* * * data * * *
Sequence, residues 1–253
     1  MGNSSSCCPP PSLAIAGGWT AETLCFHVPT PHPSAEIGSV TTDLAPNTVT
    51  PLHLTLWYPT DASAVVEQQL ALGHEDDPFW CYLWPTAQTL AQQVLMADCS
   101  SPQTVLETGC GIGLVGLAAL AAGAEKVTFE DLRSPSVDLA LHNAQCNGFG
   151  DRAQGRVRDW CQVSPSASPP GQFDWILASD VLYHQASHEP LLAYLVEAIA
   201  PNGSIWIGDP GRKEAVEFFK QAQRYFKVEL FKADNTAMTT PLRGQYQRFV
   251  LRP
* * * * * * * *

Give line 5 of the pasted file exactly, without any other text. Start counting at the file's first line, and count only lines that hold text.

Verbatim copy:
   151  DRAQGRVRDW CQVSPSASPP GQFDWILASD VLYHQASHEP LLAYLVEAIA